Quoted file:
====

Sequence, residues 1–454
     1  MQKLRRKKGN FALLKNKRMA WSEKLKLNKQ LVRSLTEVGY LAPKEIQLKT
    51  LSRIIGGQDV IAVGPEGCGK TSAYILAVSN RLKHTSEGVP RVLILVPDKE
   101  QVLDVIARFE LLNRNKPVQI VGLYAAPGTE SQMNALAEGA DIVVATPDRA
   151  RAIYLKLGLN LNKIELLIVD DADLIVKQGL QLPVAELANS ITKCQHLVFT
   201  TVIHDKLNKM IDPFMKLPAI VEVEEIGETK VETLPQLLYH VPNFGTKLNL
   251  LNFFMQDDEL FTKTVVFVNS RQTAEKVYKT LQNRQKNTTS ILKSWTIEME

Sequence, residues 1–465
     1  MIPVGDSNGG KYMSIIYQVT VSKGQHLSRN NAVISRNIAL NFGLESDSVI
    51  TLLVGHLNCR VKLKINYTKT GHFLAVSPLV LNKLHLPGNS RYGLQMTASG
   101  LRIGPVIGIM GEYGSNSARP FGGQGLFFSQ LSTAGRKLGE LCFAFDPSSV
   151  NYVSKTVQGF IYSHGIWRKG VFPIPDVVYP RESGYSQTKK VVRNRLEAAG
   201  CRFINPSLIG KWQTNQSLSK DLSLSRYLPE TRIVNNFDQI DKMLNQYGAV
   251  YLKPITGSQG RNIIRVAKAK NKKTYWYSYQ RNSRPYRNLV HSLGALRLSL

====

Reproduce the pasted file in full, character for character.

Sequence, residues 1–454
     1  MQKLRRKKGN FALLKNKRMA WSEKLKLNKQ LVRSLTEVGY LAPKEIQLKT
    51  LSRIIGGQDV IAVGPEGCGK TSAYILAVSN RLKHTSEGVP RVLILVPDKE
   101  QVLDVIARFE LLNRNKPVQI VGLYAAPGTE SQMNALAEGA DIVVATPDRA
   151  RAIYLKLGLN LNKIELLIVD DADLIVKQGL QLPVAELANS ITKCQHLVFT
   201  TVIHDKLNKM IDPFMKLPAI VEVEEIGETK VETLPQLLYH VPNFGTKLNL
   251  LNFFMQDDEL FTKTVVFVNS RQTAEKVYKT LQNRQKNTTS ILKSWTIEME

Sequence, residues 1–465
     1  MIPVGDSNGG KYMSIIYQVT VSKGQHLSRN NAVISRNIAL NFGLESDSVI
    51  TLLVGHLNCR VKLKINYTKT GHFLAVSPLV LNKLHLPGNS RYGLQMTASG
   101  LRIGPVIGIM GEYGSNSARP FGGQGLFFSQ LSTAGRKLGE LCFAFDPSSV
   151  NYVSKTVQGF IYSHGIWRKG VFPIPDVVYP RESGYSQTKK VVRNRLEAAG
   201  CRFINPSLIG KWQTNQSLSK DLSLSRYLPE TRIVNNFDQI DKMLNQYGAV
   251  YLKPITGSQG RNIIRVAKAK NKKTYWYSYQ RNSRPYRNLV HSLGALRLSL